The problems of climate refugees are known throughout the world. In first of its kind reported incident in Britain, the Welsh villagers in Fairbourne face the threat of floods due to rise in sea level. The villages that constitute nearly 450 houses are now struck with risk of increase in disasters which has affected their community lives and livelihood prospects.
While some other countries including India and Somalia, have higher levels of internally displaced people due to climate change and related risks. In most poor countries such as Somalia, the consequences have been devastating, in the years 2019 and 2020, the country has been disproportionately affected by climate emergencies. Droughts across the country have led to suffering and displacement, with an estimated 5.4 million individuals predicted to be struggling to feed themselves and their families by July 2020.
India has been greatly affected by this issue as well, in fact, the Internal Displacement Monitoring Committee in 2019 stated that India had the largest number of internally displaced people in 2019. The condition did not improve in 2020, there were many disasters struck areas within the country with forest fires claiming parts of Uttarakhand and Nagaland, cyclones including cyclone Amphan that affected large parts of West Bengal and other instances of floods. A new report pointed out that nearly 39 lakh people in India were internally displaced due to climate disasters and conflicts in the year 2020. The report also suggested that nearly 76 per cent of the internal displacement in 2020 was triggered by climate disasters.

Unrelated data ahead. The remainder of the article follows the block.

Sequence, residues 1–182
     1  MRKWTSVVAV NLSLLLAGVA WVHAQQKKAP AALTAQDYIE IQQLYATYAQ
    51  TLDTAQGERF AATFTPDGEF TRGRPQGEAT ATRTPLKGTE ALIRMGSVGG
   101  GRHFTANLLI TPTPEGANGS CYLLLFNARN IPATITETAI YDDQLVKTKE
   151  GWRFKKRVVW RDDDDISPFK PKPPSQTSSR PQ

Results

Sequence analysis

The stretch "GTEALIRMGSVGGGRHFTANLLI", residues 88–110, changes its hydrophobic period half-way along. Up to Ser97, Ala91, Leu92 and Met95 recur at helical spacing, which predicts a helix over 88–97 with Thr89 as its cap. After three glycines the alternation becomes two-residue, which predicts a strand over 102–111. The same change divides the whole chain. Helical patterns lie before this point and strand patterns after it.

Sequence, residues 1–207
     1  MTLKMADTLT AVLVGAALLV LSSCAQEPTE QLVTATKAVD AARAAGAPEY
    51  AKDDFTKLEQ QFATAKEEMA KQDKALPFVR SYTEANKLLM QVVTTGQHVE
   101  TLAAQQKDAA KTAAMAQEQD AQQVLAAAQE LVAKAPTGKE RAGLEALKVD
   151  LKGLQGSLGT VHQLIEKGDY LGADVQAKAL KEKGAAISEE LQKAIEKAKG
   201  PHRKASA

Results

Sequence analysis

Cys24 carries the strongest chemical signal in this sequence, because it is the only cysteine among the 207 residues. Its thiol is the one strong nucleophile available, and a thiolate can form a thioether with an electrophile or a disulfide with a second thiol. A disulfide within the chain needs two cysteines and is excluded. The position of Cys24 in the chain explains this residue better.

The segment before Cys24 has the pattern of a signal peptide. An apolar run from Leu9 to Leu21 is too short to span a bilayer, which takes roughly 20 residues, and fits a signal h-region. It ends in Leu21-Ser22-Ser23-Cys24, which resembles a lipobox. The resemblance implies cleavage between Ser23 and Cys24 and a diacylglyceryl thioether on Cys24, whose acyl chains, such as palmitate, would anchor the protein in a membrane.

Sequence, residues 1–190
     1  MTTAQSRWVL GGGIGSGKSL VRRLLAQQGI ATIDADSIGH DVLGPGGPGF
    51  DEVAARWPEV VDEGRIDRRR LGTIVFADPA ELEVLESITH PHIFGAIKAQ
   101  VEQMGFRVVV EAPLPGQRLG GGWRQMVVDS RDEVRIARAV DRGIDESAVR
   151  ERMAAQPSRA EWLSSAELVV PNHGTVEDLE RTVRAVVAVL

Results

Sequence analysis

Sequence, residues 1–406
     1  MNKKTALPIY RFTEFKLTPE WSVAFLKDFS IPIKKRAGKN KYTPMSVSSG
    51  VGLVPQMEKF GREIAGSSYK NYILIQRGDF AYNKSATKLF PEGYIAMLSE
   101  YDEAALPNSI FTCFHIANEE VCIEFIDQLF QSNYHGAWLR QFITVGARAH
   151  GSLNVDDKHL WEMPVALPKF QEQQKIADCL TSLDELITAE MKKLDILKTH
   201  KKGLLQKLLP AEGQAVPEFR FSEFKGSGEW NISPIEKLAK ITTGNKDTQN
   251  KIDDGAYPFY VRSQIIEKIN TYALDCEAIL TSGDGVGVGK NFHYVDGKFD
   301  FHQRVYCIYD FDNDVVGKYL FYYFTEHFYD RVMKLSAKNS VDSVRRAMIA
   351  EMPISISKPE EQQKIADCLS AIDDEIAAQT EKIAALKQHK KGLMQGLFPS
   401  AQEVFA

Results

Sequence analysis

Even with the selective data available from national reports, it can very well be understood that climate change has become a global threat, it has also affected a large number of people and this number is set to grow with the urgency of the climate change matter.
Recognition of Climate Refugees under International Law
The problems of displacement of people due to natural factors occurred way before scientific interest was taken in climate change as a subject of study. In a proposal for a Convention for Climate Refugees the term climate refugees have been defined as “people whom climate change forces to relocate across national borders.”Six elements that have to be met with are – forced migration, temporary or permanent relocation, movement across national borders, disruption consistent with climate change, sudden or gradual disruption and a “more likely than not” contribution for the human contribution to disruption. However modern disaster theory argues that there is an element of human intervention along with vulnerability that leads to the occurrence of a disaster even one considered a natural disaster.
While certain countries have taken individual steps in their respective capacities such as the African Union Convention for the Protection and Assistance of Internally Displaced Persons, 2009 that recognized natural factors of climate as a reason for displacement and provides protection thereof, or the Swedish Aliens Act 2005 that grants asylum to the persons displaced due to an environmental disaster yet, internationally the term has not been given its requisite importance.